Labour has held off the challenge from its rivals in the European election.
Party leaders listen to the counts being declared in Edinburgh
It won two seats as did the Tories and the Scottish National Party while the Liberal Democrats won one.
The nationalists fell short of a declared target of overhauling Labour in the election, which saw a 30.9% turnout.
The Eurosceptic UK Independence Party, which made large gains in England and Wales, failed to win any seats in Scotland.
The results have left Labour one seat down as Scotland now returns only seven MEPs rather than eight following the enlargement of the European Union.
A total of 28 councils declared their results on Sunday night with four - Aberdeen and the islands - declaring on Monday.
Labour received 26.4% of the vote, 2.3 points down on the last Euro elections.
But the SNP slipped back further, falling 7.5 points to 19.7%.
The Tories secured 17.8%, down 2%, with the Liberal Democrats up 3.3% to 13.1%.
The Scottish Green Party increased its share by 1% to 6.8%, followed by the UK Independence Party, up 5.4% to 6.7%.
They were followed by the Scottish Socialist Party, up 1.2% to 5.2%.
David Martin: Lab
Catherine Stihler: Lab
Ian Hudghton: SNP
Alyn Smith: SNP
Struan Stevenson: Conservatives
John Purvis: Conservatives
Elspeth Attwooll: Liberal Democrats
Analyst, Professor John Curtis, said it was the first time that the Conservatives and the Labour Party had failed to get as much as half of the vote.
He added: "Labour's share of the vote nationally is its lowest since 1910. We evidently have an unpopular government, but what is interesting - with the SNP and the Conservatives falling back - is that it is not clear that any particular mainstream party is capable of capturing this dissatisfaction and exploiting it."
Prof Curtis added that Scotland's "bad turn-out" could have been improved had the postal ballot system been implemented across the country, but said it was still up by seven points on the last European elections in 1999.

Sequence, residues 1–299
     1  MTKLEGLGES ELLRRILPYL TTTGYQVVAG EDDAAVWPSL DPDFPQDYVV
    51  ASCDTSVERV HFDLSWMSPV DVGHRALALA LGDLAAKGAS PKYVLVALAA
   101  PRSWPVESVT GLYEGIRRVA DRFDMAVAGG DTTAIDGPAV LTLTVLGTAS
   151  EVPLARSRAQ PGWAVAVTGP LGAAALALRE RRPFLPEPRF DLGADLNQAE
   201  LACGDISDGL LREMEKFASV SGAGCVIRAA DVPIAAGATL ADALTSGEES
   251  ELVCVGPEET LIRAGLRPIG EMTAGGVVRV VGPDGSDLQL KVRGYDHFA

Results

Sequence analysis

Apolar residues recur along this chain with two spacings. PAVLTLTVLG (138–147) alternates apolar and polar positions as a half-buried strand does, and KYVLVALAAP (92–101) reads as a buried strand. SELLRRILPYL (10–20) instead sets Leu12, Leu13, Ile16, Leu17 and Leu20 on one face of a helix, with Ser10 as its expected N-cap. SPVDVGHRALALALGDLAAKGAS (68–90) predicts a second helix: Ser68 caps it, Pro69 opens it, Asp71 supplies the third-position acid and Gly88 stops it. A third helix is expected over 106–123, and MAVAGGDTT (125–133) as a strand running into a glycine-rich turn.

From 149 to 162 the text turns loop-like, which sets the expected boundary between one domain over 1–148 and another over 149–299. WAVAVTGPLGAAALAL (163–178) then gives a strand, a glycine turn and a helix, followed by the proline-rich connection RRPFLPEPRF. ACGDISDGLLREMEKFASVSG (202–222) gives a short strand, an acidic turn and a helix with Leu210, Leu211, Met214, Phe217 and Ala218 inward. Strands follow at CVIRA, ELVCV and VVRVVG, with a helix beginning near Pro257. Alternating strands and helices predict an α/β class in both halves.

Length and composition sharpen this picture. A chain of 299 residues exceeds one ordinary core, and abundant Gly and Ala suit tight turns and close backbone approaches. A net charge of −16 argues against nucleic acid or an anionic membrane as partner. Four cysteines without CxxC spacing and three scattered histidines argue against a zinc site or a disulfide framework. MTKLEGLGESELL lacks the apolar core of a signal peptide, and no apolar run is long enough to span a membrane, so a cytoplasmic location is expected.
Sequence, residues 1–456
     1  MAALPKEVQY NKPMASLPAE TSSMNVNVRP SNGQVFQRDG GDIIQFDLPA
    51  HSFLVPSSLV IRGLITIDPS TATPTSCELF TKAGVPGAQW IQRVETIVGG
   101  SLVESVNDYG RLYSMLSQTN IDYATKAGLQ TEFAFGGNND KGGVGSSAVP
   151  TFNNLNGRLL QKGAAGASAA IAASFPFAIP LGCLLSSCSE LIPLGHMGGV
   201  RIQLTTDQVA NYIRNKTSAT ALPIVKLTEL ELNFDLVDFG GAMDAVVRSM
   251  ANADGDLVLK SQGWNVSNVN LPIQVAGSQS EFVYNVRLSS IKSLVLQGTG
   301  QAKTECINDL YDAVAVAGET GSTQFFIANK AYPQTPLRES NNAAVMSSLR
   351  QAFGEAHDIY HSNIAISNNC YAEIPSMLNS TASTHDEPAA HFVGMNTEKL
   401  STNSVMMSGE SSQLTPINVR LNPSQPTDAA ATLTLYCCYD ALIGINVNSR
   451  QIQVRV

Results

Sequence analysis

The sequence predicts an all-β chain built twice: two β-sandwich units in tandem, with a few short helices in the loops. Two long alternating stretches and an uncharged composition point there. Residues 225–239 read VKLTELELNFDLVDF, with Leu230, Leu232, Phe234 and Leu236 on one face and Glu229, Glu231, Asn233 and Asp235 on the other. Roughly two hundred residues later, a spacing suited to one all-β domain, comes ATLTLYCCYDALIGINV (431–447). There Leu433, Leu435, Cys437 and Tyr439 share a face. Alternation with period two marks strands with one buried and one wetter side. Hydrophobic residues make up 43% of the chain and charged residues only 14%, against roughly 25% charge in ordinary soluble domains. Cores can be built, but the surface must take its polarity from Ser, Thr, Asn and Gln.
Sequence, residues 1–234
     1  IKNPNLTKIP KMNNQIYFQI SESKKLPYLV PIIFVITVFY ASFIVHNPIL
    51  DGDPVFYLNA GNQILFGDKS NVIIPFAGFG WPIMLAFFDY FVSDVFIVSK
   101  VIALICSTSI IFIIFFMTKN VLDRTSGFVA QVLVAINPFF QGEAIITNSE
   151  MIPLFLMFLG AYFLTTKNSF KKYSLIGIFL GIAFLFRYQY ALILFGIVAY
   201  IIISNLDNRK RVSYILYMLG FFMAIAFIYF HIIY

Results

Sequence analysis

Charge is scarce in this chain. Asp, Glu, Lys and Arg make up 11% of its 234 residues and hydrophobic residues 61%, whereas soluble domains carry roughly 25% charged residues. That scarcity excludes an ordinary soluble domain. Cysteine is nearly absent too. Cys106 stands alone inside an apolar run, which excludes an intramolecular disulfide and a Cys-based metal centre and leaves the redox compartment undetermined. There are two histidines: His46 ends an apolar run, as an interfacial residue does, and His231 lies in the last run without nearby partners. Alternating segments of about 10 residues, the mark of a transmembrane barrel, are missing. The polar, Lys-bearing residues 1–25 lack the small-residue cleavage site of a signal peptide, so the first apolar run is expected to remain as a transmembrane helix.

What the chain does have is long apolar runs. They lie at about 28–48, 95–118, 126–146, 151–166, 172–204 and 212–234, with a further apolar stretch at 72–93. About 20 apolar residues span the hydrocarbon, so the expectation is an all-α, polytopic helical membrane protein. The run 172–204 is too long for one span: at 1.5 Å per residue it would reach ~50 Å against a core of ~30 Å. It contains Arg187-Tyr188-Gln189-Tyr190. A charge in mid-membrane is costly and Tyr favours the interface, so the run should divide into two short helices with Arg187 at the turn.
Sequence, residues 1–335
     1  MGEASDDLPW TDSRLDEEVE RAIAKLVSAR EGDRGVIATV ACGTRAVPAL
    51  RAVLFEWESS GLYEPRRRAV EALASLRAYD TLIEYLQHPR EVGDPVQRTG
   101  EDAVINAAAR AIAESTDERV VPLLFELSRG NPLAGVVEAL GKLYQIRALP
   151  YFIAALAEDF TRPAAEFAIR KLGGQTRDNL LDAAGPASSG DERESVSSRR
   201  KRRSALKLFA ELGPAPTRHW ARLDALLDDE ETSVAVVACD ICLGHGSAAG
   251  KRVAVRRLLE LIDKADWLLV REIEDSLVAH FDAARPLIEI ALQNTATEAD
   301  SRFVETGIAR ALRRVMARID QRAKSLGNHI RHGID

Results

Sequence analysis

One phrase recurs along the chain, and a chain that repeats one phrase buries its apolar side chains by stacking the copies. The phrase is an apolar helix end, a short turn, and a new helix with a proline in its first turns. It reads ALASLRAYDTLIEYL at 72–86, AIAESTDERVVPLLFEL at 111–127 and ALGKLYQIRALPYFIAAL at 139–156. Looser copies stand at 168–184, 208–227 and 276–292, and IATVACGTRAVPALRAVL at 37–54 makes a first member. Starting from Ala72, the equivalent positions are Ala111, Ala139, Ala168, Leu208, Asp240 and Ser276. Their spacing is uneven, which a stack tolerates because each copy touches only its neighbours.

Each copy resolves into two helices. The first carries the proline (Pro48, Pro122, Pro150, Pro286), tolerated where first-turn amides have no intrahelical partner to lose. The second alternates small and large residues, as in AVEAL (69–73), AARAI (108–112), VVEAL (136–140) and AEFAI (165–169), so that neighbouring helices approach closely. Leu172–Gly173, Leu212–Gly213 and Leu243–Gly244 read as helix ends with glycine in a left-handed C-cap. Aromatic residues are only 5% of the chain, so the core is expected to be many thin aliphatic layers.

BBC Scotland political editor Brian Taylor said the result raised some question marks over John Swinney's leadership of the SNP.
But he added: "I think it is more serious than that.
"I don't think Robert the Bruce or William Wallace would have been able to win this election for the SNP given the multi-party nature of politics."
He said things were "all over the shop" in Scotland.
"It doesn't appear to me that the SNP are presenting themselves as the opposition, or remotely even the official opposition. They are an opposition."
The poll took place on Thursday between 0700 BST and 2200 BST and the bulk of the votes were counted on Sunday.
Parties win a number of MEPs equal to their share of the vote in each region, with Scotland electing seven members.
The six parties represented at Holyrood were on the ballot paper along with the UKIP, the BNP, Operation Christian Vote and Scottish Wind Watch.
The official declaration was made in Edinburgh after all votes had been counted.
The Netherlands and the UK went to the polls on Thursday; the 23 other EU countries voted on Sunday.
The European election in June is the first since the enlargement of the European Union to 25 states.
Nearly 349 million people were given a chance to vote for the new 732-member parliament, making it the largest transnational democratic election ever held.